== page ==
The second thing to note about Paradigm’s drivers is that they are of the absolute highest order.  I’ve never seen, in all my speaker travels, better designed and put together transducers.  The price of these speakers belies what is inside.   Key points on these particular pieces is a tweeter common to all models made of beryllium.  JJ has before noted the relative resurgence of this material in tweeters, the cliff notes being it has incredible stiffness to mass ratio which is one of the most desirable traits in tweeter dome material, but it is quite toxic to work with, hence the tweeter being protected by a perforated metal grille (though I might say it's more to protect you from the tweeter).

Click on the photo below to download a short video that shows a Paradigm factory staff member assembling a midrange driver cone. The video was taken by John Johnson on a trip to visit Paradigm in 2007. There will be other video segments from this trip published in future articles.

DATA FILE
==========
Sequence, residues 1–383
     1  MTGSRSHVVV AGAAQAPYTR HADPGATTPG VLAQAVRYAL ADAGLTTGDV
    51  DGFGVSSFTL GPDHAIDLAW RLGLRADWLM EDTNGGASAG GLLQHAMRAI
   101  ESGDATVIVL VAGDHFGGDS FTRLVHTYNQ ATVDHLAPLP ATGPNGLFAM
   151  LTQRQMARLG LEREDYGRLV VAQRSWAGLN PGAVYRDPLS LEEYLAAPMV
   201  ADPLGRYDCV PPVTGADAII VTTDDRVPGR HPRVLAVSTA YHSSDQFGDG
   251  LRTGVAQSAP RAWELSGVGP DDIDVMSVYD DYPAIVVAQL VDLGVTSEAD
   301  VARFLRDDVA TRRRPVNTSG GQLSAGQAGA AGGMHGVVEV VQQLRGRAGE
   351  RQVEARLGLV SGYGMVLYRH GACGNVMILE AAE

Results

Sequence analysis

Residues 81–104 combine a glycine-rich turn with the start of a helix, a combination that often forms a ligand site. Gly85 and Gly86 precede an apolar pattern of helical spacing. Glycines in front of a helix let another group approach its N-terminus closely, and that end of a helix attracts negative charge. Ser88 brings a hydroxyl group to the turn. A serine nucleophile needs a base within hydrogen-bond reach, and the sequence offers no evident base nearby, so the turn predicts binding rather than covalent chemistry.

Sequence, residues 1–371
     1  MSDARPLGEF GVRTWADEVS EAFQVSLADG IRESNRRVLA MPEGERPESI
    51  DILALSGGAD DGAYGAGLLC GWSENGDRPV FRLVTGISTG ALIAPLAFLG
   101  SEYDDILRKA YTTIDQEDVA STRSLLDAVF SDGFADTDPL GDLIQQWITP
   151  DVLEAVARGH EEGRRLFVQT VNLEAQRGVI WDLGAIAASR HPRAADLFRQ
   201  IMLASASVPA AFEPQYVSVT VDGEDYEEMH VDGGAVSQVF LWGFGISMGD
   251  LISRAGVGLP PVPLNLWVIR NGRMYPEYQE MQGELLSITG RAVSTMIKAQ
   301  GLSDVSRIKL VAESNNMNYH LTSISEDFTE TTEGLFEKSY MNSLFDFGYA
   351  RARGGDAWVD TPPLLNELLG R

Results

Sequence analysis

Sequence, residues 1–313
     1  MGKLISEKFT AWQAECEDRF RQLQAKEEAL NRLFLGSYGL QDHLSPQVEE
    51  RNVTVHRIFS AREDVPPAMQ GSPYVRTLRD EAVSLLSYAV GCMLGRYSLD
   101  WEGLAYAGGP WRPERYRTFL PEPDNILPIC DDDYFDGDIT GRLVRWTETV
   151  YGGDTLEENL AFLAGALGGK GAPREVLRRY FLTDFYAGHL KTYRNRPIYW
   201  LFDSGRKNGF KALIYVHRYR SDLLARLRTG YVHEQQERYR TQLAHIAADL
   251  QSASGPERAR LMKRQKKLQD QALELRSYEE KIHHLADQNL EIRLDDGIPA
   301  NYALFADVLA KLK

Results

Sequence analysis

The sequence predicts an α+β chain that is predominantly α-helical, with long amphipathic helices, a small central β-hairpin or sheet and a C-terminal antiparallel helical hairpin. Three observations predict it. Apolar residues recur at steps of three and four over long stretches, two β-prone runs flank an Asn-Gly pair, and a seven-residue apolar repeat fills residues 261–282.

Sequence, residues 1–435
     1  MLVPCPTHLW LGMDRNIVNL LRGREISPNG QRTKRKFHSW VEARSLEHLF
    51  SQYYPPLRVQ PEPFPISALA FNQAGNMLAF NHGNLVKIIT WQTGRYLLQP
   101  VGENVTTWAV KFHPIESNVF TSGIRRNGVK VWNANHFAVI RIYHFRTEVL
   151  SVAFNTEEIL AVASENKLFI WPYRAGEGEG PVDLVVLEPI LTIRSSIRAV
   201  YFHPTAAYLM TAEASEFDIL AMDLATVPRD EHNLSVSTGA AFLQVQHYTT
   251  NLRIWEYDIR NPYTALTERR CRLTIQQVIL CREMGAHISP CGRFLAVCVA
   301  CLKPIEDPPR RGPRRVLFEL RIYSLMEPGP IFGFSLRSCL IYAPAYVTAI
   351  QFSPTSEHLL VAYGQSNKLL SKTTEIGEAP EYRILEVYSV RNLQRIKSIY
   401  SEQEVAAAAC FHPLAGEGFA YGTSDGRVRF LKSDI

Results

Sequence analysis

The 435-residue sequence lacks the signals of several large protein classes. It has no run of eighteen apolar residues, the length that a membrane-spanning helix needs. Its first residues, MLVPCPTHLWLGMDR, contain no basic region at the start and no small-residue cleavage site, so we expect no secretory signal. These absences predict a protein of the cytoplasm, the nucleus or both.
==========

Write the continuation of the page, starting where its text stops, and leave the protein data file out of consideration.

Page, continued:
As per the norm with Paradigm, the motor structure behind it is so overbuilt that one could easily mistake it for a mid/bass driver!  The midrange and mid/bass driver cones are an aluminum/cobalt alloy, which has challenges of its own, namely ringing, but Paradigm clearly has mastered that.  These drivers also feature a “true” phase cone in that it is stationary (i.e., it is not part of or attached to the cone) which we’ve witnessed make a difference in the drivers' upper end response when Paradigm switched to them in their Studio series speakers.   The bass drivers are a more conventional polypropylene cone, which Paradigm feels is better suited to the range they are responsible for (the virtues of the metal cone would be somewhat wasted in the role).